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Dictators and Democrats:
Masses, Elites, and Regime Change
Stephan Haggard & Robert R. Kaufman

Winner of the 2017 Best Book Award, Comparative Democratization Section of the American Political Science Association
Finalist for the 2017 Woodrow Wilson Foundation Award, American Political Science Association

Paperback | 2016 | $32.95 | £27.95 | ISBN: 9780691172156
Hardcover | 2016 | $99.50 | £83.95 | ISBN: 9780691172149
424 pp. | 6 x 9 1/4 | 20 line illus. 49 tables.
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eBook | ISBN: 9781400882984 |
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From the 1980s through the first decade of the twenty-first century, the spread of democracy across the developing and post-Communist worlds transformed the global political landscape. What drove these changes and what determined whether the emerging democracies would stabilize or revert to authoritarian rule? Dictators and Democrats takes a comprehensive look at the transitions to and from democracy in recent decades. Deploying both statistical and qualitative analysis, Stephen Haggard and Robert Kaufman engage with theories of democratic change and advocate approaches that emphasize political and institutional factors. While inequality has been a prominent explanation for democratic transitions, the authors argue that its role has been limited, and elites as well as masses can drive regime change.

Examining seventy-eight cases of democratic transition and twenty-five reversions since 1980, Haggard and Kaufman show how differences in authoritarian regimes and organizational capabilities shape popular protest and elite initiatives in transitions to democracy, and how institutional weaknesses cause some democracies to fail. The determinants of democracy lie in the strength of existing institutions and the public's capacity to engage in collective action. There are multiple routes to democracy, but those growing out of mass mobilization may provide more checks on incumbents than those emerging from intra-elite bargains.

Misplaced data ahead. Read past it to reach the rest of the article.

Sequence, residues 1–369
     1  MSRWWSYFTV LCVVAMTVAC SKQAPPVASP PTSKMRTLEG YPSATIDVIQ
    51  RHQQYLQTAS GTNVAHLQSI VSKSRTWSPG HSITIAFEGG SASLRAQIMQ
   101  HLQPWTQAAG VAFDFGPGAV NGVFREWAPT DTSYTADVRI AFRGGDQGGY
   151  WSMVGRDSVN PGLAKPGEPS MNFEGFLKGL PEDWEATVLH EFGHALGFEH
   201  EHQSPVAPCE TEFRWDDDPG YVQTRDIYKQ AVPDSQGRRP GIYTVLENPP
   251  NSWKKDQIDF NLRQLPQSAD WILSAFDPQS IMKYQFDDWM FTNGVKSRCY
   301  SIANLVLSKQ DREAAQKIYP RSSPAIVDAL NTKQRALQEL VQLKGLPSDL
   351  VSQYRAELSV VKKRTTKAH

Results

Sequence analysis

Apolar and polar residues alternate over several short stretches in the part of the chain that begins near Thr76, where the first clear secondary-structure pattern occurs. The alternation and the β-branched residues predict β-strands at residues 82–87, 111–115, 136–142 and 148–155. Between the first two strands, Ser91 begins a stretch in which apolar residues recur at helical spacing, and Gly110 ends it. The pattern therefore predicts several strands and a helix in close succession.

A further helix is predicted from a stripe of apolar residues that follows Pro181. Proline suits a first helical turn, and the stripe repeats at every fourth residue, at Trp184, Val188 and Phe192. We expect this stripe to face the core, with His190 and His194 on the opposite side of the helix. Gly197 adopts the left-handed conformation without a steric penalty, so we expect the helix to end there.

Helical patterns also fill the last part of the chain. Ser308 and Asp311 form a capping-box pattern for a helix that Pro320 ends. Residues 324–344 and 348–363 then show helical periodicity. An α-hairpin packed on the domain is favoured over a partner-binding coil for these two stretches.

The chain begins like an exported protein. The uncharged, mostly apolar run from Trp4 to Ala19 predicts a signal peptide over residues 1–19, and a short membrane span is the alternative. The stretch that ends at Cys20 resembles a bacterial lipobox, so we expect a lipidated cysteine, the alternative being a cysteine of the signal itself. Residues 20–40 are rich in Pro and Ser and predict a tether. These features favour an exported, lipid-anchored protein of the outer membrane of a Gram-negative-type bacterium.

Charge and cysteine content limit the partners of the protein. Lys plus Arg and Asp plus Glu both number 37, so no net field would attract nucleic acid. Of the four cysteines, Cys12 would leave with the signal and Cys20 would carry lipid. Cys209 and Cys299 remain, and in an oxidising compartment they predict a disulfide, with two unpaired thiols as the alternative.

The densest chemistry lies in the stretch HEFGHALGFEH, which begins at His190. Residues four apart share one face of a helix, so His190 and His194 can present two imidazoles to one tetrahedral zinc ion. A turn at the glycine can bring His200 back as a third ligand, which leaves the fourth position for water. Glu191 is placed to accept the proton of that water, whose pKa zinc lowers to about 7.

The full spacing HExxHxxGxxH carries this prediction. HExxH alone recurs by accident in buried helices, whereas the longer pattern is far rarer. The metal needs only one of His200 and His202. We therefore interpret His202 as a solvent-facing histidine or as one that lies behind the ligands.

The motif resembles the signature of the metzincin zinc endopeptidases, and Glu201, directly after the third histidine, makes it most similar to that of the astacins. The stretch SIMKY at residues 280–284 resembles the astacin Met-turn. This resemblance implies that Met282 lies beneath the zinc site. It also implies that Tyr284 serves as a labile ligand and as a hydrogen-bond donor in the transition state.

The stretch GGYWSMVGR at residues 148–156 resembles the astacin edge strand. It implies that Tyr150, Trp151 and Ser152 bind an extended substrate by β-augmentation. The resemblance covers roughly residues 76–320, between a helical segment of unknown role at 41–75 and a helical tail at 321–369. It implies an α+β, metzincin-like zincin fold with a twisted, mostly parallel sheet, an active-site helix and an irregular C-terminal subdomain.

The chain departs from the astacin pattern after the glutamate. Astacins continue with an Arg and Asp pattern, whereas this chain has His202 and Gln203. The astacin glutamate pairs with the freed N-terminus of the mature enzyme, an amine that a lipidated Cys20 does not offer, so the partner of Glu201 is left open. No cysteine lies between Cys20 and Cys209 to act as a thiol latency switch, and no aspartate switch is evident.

Moving beyond well-known beliefs regarding regime changes, Dictators and Democrats explores the conditions under which transitions to democracy are likely to arise.

Stephan Haggard is the Lawrence and Sallye Krause Distinguished Professor at the Graduate School of Global Policy and Strategy at the University of California, San Diego. Robert R. Kaufman is Distinguished Professor of Political Science at Rutgers University.


"Haggard and Kaufman provide an erudite analysis of the complexities of transition from the authoritarian rule to democracy in the last three decades. . . . A first-rate contribution to the literature on regime transition."--Choice


"In a crowded landscape Dictators and Democrats stands out. It sets a high standard for multimethod research with its deep involvement in the cases and statistical analyses of regime change. Notably, the book systematically examines the causal mechanisms at the heart of class theories."--Gary Goertz, University of Notre Dame

"Haggard and Kaufman have written another gem, one that is certain to become central to the study of regime change. Exploring transitions to and from democracy, they argue that influential theories of regime change focusing on modernization and inequality offer relatively little leverage compared to the importance of elite actors' interests, the nature of the ancien régime, and international factors."--David Samuels, University of Minnesota

"This book rigorously analyzes transition pathways for different types of democracies and the conditions under which each is likely. It recognizes that there is no unified path to democratic outcomes and makes significant contributions to the raging debates over the role of inequality and pressures from below for redistribution. With its global coverage and careful research, it is a tour de force."--Rachel Beatty Riedl, Northwestern University

"This is a seminal achievement by two master craftsmen. Substantively innovative, their book addresses the single most widely studied topic in the field of comparative politics. It is certain to be highly influential in shaping scholarly debates about democracy, authoritarianism, and regime change for many years to come."--Kenneth M. Roberts, Cornell University

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